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Miami Has Plenty of Condos, It Just Needs Buyers

Miami Has Plenty of Condos, It Just Needs Buyers
4 min. read

Image: Wilson Araujo / Shutterstock.com

If you’re looking for a condo in Miami, you have an abundance of options at your fingertips. Several factors have led to a buyers’ dream in the city’s condo market, including a combination of fewer foreign buyers, more inventory, and falling prices.

Foreign Buying Power Declines

The high-end real estate market in Miami has slowed down significantly in the past several years thanks to shifting economic situations in South American countries.

Miami’s real estate sector, particularly the luxury portion of it, is highly dependent on non-local buyers. Foreign nationals are an especially important buyer demographic. Beginning with Cuban refugees in the late 1950s, Latin Americans have flocked to the Miami metropolitan area for decades.

A shift from low-rise properties to condo development in Miami started in the early 2000s, and Latin Americans began to see Miami real estate as a safe investment, often purchasing condos in cash. Although things slowed during the 2008 real estate market crash, many Latin Americans, as well as buyers from Europe and the U.S., returned as the market recovered.

Currently however, Argentina, Venezuela, and Brazil – where many of the buyers were historically from – are in the midst of economic crises that have seen their currencies devalued, leaving purchasers from these countries with diminished buying power in the U.S.. Furthermore, due to a strong dollar, international buyers who own existing units are now looking to sell, adding to the already skyrocketing condo stock in the city.

Influx of Inventory

Alongside decreased purchases by foreign buyers, the Miami condo market began to explode with new developments. According to the ISG World 2019 Miami report, since the last economic downturn, around 20,000 new units have been constructed or are being planned for the Miami area.

Some communities with many new condo buildings are reporting there are close to two decades’ worth of inventory for condos that cost $5 million or more.

An Integra Realty Resources report showed that condo listings more than doubled for the greater downtown Miami area between December 2013 and December 2018, increasing from 1,591 to 3,663 during that time.

Current numbers show that in the first quarter of 2019, Miami Beach saw 691 condo sales, representing a 24% decrease from the first quarter of 2015 when there were 909 sales. In comparison, sales of single-family homes in the same period declined from 117 to 81.

As the condo market has so many available options, buyers aren’t feeling a time crunch, allowing them to shop around longer, consider their wants and needs more closely, and negotiate for prices below listing value.

Real estate agents in the area have also noted a significant decrease in the number of showings they’re conducting, moving from multiple showings per week to fewer than that per month.

Facing the Challenges

Two strategies are helping the Miami real estate sector deal with some of the challenges the city is facing.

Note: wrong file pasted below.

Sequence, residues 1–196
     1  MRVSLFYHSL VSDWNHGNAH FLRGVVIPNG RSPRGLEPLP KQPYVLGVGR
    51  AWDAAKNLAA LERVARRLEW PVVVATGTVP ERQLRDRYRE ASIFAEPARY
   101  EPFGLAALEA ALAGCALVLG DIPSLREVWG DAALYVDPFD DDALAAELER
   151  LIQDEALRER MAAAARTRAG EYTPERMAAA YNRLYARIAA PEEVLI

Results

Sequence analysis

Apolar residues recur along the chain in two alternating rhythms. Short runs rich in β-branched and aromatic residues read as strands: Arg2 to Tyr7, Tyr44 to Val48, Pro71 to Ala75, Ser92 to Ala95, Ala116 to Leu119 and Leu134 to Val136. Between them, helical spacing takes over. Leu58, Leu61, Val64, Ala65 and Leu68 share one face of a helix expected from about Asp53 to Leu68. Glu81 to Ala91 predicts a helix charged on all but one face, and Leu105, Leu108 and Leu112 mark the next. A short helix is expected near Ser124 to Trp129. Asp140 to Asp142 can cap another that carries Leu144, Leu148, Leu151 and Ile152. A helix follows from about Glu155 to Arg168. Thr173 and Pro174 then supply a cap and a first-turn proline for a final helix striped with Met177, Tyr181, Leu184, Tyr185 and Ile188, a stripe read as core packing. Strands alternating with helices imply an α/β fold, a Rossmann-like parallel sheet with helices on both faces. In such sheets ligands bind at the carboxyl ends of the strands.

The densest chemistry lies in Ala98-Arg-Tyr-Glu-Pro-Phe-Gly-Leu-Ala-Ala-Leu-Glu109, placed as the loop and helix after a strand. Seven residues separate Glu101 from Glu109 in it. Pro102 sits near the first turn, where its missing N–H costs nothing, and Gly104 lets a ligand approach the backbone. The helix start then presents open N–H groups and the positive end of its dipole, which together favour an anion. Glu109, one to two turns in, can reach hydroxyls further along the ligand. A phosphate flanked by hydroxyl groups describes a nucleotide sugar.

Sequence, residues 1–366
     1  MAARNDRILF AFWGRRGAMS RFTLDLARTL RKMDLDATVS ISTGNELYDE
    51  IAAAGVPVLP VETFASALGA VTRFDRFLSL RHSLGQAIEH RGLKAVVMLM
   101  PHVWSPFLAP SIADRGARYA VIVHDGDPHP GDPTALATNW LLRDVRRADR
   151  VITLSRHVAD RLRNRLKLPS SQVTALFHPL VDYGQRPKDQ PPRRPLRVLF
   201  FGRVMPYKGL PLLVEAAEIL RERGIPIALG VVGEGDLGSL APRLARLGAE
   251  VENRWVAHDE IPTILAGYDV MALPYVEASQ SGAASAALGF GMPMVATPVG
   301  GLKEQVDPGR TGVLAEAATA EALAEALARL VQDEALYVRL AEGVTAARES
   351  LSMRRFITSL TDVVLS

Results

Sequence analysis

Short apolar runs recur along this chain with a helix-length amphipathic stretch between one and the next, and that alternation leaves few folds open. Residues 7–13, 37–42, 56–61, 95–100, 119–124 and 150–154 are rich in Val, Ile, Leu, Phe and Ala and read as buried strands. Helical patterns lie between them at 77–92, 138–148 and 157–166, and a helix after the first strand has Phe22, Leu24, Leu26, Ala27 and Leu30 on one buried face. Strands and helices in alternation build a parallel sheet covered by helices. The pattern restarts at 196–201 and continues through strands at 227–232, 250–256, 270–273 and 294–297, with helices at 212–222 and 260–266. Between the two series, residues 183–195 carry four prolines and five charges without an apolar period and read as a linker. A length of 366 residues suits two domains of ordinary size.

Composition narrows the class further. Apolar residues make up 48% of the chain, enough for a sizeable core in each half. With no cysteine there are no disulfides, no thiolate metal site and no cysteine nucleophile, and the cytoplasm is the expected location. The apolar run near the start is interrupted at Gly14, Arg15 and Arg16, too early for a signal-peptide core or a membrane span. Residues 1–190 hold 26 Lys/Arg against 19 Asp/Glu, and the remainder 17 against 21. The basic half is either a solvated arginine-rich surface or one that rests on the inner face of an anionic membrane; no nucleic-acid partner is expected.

New condo projects are being canceled or put on hold to relieve any additional pressure on the market until the slow pace picks up. The hope is that this will prevent any further increase in new condos being listed competing with those already on the market, which might also give buyers more reason to stall their purchases and buy at lower prices.

Another tactic is to go after domestic buyers who may be interested in taking advantage of Miami’s buyer-friendly market. Sales teams for a number of developers are traveling multiple times a month to various regions of the U.S. to encourage interest in purchasing property in Miami. Previously, sales teams would have been traveling to Latin America and other countries for this purpose.

Attracting wealthy buyers from states like New York and California, which have higher taxes, is also part of the plan to help offset the waning interest from Latin American buyers. However, it could take some time for domestic buyers to fill the void of international buyers, as many are coming to the Miami area to shop around for real estate, but aren’t always quick to purchase.

Positive Trend in One Part of Market

Despite the challenges faced by the Miami condo market, luxury single-family homes in Miami are experiencing an upward trend. Many out-of-state buyers are opting for large homes in the 305, as they feel these properties will offer better value than large homes purchased in the cities and towns in which they currently reside.

For example, in the Miami Beach area, the median price of a single-family home in the first quarter of 2019 was $1.65 million. This is an increase of almost 18% from the first quarter of 2018, which had a $1.4 million median price. Inventory has been decreasing, going from 805 in 2018 to 783 more recently, undoubtedly driving the single-family home price increases.

Even higher-end single-family homes that have been sitting on the market for many years are now being sold, although often the prices for these have been reduced.

By curbing new condo construction, expanding the search for out-of-state buyers, and learning from the positive trends experienced in single-family home sales, Miami is likely poised to see a recovering condo market in future years.

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